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View of “Imre Bak,” 2016. From left: Orange, 1969; Reflection III, 1974. Photo: Plastiques Photography.

Imre Bak

Carl Kostyal | London

View of “Imre Bak,” 2016. From left: Orange, 1969; Reflection III, 1974. Photo: Plastiques Photography.

The now-septuagenarian Hungarian painter Imre Bak describes 1968 as a pivotal moment. A visit to Documenta 4 showed him the radical changes taking place across the Atlantic. That, together with trips to London’s Tate in the previous years and his work with a German gallery that exhibited American art, opened the young artist’s eyes to innovations in abstraction—particularly what he called “the emerging American art scene, when the abstract versions of Pop Art appeared, such as Hard-Edge and Color Field Painting (Frank Stella, Ellsworth Kelly).” Offering a concise picture of the intellectual journey that Bak has since taken, via eight works ranging in date from 1968 through 2005, this exhibition, curated by the British artist Peter Peri, was Bak’s first in the UK.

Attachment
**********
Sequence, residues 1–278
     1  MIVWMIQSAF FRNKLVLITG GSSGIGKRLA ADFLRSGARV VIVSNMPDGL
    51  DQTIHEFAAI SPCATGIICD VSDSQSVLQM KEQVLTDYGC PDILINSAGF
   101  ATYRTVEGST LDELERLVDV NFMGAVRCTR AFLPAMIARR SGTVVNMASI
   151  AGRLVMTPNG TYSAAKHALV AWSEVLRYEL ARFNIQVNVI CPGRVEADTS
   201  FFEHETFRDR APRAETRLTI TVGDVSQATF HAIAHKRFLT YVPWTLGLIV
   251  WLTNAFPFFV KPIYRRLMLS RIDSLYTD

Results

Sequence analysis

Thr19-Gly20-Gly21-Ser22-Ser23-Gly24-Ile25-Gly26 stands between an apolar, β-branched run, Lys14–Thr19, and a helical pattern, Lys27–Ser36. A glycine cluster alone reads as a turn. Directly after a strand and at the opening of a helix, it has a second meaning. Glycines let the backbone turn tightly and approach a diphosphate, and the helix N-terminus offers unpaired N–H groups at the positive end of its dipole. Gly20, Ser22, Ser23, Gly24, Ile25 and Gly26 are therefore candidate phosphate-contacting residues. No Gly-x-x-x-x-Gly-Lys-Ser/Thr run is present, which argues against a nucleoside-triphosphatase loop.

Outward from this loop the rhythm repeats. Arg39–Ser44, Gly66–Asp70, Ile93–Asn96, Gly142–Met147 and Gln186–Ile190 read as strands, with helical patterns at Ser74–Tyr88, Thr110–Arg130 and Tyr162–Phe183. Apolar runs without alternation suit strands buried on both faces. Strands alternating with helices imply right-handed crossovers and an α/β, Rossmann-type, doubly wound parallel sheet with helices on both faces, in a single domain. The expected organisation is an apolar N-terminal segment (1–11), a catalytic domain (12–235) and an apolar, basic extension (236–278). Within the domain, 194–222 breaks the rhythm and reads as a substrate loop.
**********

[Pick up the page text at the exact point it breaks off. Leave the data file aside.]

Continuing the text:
The show also gave a glimpse of the shifting intellectual currents in abstract painting across the decades. Despite

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